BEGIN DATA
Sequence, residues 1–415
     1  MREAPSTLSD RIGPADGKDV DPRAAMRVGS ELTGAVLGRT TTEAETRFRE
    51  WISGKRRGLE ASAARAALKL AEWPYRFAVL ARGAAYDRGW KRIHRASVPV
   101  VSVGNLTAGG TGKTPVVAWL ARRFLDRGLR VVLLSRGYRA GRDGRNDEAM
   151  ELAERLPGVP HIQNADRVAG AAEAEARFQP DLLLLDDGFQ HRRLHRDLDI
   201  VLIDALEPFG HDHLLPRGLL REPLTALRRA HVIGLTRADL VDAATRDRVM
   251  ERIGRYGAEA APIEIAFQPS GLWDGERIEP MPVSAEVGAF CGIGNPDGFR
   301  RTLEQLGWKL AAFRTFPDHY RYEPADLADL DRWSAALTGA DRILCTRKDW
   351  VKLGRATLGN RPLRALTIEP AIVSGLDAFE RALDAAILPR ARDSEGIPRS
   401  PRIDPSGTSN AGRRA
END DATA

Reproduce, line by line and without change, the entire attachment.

Sequence, residues 1–415
     1  MREAPSTLSD RIGPADGKDV DPRAAMRVGS ELTGAVLGRT TTEAETRFRE
    51  WISGKRRGLE ASAARAALKL AEWPYRFAVL ARGAAYDRGW KRIHRASVPV
   101  VSVGNLTAGG TGKTPVVAWL ARRFLDRGLR VVLLSRGYRA GRDGRNDEAM
   151  ELAERLPGVP HIQNADRVAG AAEAEARFQP DLLLLDDGFQ HRRLHRDLDI
   201  VLIDALEPFG HDHLLPRGLL REPLTALRRA HVIGLTRADL VDAATRDRVM
   251  ERIGRYGAEA APIEIAFQPS GLWDGERIEP MPVSAEVGAF CGIGNPDGFR
   301  RTLEQLGWKL AAFRTFPDHY RYEPADLADL DRWSAALTGA DRILCTRKDW
   351  VKLGRATLGN RPLRALTIEP AIVSGLDAFE RALDAAILPR ARDSEGIPRS
   401  PRIDPSGTSN AGRRA